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The Bay State Monthly, Volume 3, No. 2   By:

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[Illustration: Sylvester Marsh]

THE BAY STATE MONTHLY.

A Massachusetts Magazine.

VOL. III. MAY, 1885. NO. II.

SYLVESTER MARSH.

[THE PROJECTOR OF THE MOUNT WASHINGTON RAILROAD.]

By Charles Carleton Coffin.

There were few settlers in the Pemigewasset Valley when John Marsh of East Haddam, Connecticut, at the close of the last century, with his wife, Mehitable Percival Marsh, travelling up the valley of the Merrimack, selected the town of Campton, New Hampshire, as their future home. It was a humble home. Around them was the forest with its lofty pines, gigantic oaks, and sturdy elms, to be leveled by the stalwart blows of the vigorous young farmer. The first settlers of the region endured many hardships toiled early and late, but industry brought its rewards. The forest disappeared; green fields appeared upon the broad intervales and sunny hillsides. A troop of children came to gladden the home. The ninth child of a family of eleven received the name of Sylvester, born September 30, 1803.

The home was located among the foot hills on the east bank of the Pemigewasset; it looked out upon a wide expanse of meadow lands, and upon mountains as delectable as those seen by the Christian pilgrim from the palace Beautiful in Bunyan's matchless allegory.

It was a period ante dating the employment of machinery. Advancement was by brawn, rather than by brains. Three years before the birth of Sylvester Marsh an Englishman, Arthur Scholfield, determined to make America his home. He was a machinist. England was building up her system of manufactures, starting out upon her great career as a manufacturing nation determined to manufacture goods for the civilized world, and especially for the United States. Parliament had enacted a law prohibiting the carrying of machinist's tools out of Great Britain. The young mechanic was compelled to leave his tools behind. He had a retentive memory and active mind; he settled in Pittsfield, Massachusetts, and set himself to work to construct a machine for the carding of wool, which at that time was done wholly by hand. The Pittsfield Sun of November 2, 1801, contained an advertisement of the first carding machine constructed in the United States. Thus it read:

"Arthur Scholfield respectfully informs the inhabitants of Pittsfield and the neighboring towns that he has a carding machine, half a mile west of the meeting house, where they may have their wool carded into rolls for twelve and a half cents per pound; mixed, fifteen cents per pound. If they find the grease and pick the grease in it will be ten cents per pound, and twelve and a half mixed."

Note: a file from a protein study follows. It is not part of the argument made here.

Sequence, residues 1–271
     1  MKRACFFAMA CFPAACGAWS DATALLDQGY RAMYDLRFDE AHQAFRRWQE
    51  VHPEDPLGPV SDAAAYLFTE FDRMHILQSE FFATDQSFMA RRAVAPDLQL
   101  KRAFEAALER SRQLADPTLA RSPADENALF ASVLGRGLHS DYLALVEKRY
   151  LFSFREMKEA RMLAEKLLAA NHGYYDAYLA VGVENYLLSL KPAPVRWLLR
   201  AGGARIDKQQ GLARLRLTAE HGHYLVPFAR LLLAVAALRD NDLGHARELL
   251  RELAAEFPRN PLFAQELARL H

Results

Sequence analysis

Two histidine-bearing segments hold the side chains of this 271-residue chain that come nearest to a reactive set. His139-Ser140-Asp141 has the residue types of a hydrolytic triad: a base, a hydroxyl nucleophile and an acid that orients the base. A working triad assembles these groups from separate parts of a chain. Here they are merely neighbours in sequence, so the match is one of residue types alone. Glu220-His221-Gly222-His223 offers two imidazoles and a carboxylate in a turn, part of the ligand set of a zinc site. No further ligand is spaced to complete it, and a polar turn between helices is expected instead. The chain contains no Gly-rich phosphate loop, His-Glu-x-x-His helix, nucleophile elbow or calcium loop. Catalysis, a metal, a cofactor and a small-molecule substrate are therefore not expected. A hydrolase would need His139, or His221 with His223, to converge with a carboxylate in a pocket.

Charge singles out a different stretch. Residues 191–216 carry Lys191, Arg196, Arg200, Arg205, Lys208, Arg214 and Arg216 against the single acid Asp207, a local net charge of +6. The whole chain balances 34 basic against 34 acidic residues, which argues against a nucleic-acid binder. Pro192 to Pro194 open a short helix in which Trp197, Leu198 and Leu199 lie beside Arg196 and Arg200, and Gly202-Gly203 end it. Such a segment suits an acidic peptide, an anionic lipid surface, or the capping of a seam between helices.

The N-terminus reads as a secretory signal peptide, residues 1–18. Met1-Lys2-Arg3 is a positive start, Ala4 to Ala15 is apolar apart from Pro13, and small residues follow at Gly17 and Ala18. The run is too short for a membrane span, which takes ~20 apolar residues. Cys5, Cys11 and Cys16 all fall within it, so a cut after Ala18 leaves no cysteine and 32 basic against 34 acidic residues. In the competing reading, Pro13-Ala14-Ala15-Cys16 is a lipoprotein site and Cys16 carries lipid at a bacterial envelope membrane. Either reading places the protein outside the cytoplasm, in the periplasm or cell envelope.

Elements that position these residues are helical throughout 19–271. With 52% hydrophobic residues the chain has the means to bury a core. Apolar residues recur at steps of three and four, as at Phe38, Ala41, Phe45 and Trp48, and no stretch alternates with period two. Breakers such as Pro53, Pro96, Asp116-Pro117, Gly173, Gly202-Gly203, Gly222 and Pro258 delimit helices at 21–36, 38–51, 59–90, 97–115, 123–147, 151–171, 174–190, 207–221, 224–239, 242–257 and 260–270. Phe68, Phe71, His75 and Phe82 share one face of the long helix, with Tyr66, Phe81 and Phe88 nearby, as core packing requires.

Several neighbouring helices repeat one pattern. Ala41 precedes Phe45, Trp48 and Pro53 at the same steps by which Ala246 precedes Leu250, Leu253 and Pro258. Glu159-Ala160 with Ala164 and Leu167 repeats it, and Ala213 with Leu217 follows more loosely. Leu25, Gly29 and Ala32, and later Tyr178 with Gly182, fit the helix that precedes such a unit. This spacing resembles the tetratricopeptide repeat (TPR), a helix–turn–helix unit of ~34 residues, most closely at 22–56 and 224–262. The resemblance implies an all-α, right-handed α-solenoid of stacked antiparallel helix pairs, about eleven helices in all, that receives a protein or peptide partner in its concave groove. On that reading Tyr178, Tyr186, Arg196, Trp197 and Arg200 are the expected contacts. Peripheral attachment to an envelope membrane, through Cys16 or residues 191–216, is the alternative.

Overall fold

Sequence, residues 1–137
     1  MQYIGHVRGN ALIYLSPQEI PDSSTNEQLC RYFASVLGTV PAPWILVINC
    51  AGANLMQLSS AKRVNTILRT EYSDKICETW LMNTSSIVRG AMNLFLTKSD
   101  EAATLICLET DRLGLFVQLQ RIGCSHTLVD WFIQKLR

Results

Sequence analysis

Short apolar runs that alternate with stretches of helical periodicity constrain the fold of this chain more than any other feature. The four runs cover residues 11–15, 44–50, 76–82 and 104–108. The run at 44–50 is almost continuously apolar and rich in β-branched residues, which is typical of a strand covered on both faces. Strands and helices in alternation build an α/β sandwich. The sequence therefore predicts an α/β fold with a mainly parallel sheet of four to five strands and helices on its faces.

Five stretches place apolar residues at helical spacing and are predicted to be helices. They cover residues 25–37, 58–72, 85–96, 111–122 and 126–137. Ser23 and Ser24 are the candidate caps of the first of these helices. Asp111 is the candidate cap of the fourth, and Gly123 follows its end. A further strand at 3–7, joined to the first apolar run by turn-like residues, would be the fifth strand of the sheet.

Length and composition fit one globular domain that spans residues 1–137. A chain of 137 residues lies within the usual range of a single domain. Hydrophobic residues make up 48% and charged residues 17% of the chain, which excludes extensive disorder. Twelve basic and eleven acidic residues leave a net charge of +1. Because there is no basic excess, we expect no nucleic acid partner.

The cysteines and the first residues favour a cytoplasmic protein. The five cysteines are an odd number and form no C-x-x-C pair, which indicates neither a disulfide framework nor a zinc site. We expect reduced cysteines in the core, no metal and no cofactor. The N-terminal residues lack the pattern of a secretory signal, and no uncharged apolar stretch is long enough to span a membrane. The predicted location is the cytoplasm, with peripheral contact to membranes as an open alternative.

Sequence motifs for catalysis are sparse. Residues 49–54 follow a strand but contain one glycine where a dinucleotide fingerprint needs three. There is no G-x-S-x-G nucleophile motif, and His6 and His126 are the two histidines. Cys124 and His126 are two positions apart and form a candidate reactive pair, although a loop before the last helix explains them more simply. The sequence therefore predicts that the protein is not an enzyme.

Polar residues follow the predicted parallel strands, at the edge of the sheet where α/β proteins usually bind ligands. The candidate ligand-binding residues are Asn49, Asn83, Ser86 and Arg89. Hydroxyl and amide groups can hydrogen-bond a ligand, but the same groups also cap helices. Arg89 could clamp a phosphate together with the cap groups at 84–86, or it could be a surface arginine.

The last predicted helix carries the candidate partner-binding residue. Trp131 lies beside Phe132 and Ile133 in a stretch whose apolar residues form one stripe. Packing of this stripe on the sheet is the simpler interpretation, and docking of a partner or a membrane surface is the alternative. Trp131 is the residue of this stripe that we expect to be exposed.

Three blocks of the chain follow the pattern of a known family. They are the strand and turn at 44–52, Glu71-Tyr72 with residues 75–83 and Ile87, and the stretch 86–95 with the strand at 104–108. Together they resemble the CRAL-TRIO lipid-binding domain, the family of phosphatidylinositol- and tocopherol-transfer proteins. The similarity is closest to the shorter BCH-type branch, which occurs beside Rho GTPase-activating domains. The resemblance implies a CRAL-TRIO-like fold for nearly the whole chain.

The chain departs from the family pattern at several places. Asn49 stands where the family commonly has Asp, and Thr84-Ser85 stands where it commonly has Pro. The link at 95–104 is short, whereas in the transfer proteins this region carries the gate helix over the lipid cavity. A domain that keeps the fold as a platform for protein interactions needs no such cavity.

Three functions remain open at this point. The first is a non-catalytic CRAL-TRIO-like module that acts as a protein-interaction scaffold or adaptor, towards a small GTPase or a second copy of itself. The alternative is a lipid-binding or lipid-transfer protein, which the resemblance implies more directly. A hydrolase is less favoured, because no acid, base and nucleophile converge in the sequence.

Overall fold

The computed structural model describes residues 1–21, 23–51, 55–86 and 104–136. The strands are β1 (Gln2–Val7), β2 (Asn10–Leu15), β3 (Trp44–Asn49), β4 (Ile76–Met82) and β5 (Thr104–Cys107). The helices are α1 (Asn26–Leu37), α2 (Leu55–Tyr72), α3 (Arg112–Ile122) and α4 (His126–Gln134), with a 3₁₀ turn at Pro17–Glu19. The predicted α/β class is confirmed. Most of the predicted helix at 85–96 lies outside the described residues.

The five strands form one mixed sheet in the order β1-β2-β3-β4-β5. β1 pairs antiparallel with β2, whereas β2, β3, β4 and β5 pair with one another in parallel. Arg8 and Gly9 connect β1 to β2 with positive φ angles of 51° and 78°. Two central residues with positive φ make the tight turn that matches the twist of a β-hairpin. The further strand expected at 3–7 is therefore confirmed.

The first broadcloth manufactured in the United States was by Scholfield in 1804, the wool being carded in his machine and woven by hand.

In 1808 Scholfield manufactured thirteen yards of black broadcloth, which was presented to James Madison, and from which his inaugural suit was made. A few Merino sheep had been imported from France, and Scholfield, obtaining the wool, and mixing it with the coarse wool of the native sheep, produced what at that time was regarded as cloth of superior fineness. The spinning was wholly by hand.

The time had come for a new departure in household economies. Up to 1809 all spinning was done by women and girls. This same obscure county paper, the Pittsfield Sun , of January 4, 1809, contained an account of a meeting of the citizens of that town to take measures for the advancement of manufactures. The following resolution was passed: "Resolved that the introduction of spinning jennies, as is practiced in England, into private families is strongly recommended, since one person can manage by hand the operation of a crank that turns twenty four spindles."

This was the beginning of spinning by machinery in this country. This boy at play or rather, working on the hill side farm of Campton, was in his seventh year... Continue reading book >>


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